Access Policy (needed for Cross Account subscription)

The access policy is an IAM policy that applies to the SNS topic as a resource. In this section, you are able to specify who is able to perform what action on your SNS topic. This includes things like listing your topic, subscribing to it, unsubscribing , et cetera.

The Access Policy section has two sections:

  1. Who can publish messages to the topic (top box below)
  2. Who can subscribe to the topic (bottom box below)

Who can publish to the topic allows you to specify whether only the owner, everyone, or only specific AWS accounts can.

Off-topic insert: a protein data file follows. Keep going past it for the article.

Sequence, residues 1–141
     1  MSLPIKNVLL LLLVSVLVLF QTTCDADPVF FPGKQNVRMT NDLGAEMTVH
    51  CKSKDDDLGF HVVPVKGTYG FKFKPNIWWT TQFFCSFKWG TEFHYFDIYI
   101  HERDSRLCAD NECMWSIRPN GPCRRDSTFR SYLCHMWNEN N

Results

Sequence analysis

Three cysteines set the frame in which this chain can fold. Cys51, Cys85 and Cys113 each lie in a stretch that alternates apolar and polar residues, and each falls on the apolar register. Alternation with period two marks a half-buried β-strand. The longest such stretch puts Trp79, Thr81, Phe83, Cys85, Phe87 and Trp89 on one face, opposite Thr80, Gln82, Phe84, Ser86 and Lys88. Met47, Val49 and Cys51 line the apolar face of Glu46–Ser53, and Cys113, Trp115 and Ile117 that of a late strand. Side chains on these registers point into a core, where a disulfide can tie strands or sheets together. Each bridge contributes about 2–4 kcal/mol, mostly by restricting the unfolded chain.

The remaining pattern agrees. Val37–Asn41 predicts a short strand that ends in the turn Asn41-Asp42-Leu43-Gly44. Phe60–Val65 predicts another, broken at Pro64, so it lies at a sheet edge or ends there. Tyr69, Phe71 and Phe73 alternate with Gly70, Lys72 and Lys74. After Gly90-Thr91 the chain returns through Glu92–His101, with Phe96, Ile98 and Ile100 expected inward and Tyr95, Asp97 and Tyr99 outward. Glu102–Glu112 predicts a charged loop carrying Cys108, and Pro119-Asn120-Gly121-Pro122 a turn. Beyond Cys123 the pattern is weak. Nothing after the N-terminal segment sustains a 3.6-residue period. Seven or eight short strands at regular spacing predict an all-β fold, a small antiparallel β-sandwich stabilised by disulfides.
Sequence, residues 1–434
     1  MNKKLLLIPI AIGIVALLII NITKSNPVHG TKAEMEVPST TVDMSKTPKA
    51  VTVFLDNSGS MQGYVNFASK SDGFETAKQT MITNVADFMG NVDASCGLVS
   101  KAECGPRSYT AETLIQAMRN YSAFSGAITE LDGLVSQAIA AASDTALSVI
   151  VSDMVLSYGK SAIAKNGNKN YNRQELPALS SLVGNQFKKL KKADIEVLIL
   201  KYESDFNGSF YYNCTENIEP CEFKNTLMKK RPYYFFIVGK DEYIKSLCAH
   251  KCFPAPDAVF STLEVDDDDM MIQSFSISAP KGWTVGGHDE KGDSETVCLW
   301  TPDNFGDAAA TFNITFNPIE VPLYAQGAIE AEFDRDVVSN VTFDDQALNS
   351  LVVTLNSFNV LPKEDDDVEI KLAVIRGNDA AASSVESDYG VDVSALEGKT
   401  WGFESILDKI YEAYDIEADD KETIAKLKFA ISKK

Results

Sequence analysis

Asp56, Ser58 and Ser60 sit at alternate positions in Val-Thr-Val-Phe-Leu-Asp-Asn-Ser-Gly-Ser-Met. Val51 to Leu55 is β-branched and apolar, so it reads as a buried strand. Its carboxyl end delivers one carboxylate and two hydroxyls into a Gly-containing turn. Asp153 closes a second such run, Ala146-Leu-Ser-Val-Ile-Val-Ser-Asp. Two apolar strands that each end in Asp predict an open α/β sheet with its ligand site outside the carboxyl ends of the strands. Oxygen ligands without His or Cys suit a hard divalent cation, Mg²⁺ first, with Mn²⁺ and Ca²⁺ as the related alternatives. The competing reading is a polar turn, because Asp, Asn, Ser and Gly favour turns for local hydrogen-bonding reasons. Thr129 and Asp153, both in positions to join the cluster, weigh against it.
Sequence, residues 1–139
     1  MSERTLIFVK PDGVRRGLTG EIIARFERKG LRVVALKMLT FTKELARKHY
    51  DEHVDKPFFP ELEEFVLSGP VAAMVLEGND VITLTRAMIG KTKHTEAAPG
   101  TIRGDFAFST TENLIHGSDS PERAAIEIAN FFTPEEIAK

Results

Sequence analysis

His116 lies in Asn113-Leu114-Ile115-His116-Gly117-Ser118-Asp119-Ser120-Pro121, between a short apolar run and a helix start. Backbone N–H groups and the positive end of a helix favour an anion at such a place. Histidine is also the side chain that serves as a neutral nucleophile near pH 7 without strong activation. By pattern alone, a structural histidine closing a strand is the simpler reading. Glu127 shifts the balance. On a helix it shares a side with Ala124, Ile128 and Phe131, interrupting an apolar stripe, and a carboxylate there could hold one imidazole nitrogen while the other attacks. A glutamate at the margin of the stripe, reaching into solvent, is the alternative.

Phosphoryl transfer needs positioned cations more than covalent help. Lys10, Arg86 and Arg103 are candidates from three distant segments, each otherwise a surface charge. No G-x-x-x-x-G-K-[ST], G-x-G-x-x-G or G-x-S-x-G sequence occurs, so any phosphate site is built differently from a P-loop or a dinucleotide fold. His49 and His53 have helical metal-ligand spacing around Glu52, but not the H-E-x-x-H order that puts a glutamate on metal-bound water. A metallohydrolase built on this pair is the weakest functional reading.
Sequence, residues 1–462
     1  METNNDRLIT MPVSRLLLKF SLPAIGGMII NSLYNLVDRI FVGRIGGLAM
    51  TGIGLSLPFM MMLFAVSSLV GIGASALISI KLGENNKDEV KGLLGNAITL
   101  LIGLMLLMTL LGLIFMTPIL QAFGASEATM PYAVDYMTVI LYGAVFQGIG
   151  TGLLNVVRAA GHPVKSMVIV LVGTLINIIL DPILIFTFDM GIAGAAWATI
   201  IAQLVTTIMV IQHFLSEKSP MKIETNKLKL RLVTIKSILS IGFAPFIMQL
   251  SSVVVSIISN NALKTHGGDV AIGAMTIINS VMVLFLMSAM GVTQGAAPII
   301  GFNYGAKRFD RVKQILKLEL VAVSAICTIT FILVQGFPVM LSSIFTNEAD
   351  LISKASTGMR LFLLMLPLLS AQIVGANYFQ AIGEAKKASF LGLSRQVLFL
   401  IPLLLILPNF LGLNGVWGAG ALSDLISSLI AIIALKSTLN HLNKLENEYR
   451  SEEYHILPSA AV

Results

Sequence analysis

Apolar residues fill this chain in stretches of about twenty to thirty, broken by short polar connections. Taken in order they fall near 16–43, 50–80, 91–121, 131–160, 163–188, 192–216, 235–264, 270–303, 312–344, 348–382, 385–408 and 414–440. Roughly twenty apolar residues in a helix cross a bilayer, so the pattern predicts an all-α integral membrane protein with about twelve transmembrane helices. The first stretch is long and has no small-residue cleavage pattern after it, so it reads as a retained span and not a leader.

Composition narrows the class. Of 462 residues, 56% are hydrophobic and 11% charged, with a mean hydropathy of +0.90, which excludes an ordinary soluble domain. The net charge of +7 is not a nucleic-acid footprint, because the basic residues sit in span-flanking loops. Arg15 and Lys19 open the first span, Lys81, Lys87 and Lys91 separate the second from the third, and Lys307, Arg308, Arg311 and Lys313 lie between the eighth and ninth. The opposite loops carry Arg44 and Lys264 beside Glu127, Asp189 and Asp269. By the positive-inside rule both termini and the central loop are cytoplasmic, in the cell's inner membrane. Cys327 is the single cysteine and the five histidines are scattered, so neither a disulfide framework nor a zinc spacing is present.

Typically, its a best practice to only let your Topic Owner push messages to your topic.

Who can subscribe to the topic specifies who is capable of subscribing. Keep in mind that the subscriber must also have proper IAM permissions to perform the action. In other words, you need both the correct IAM policy on the topic and IAM policy on the user accessing the topic for permission to work correctly.

Cross Account

If you find yourself needing to grant permissions to a Lambda function in a different AWS account, the process involves:

  1. The SNS Topic owner granting the account id of the Lambda Function the ability to Subscribe, and ListSubscriptionsByTopic
  2. The Lambda function owner must provide the SNS service the ability to invoke it.

AWS has a great tutorial on the setup specifics in the AWS Tutorial Article.

Delivery Retry Policy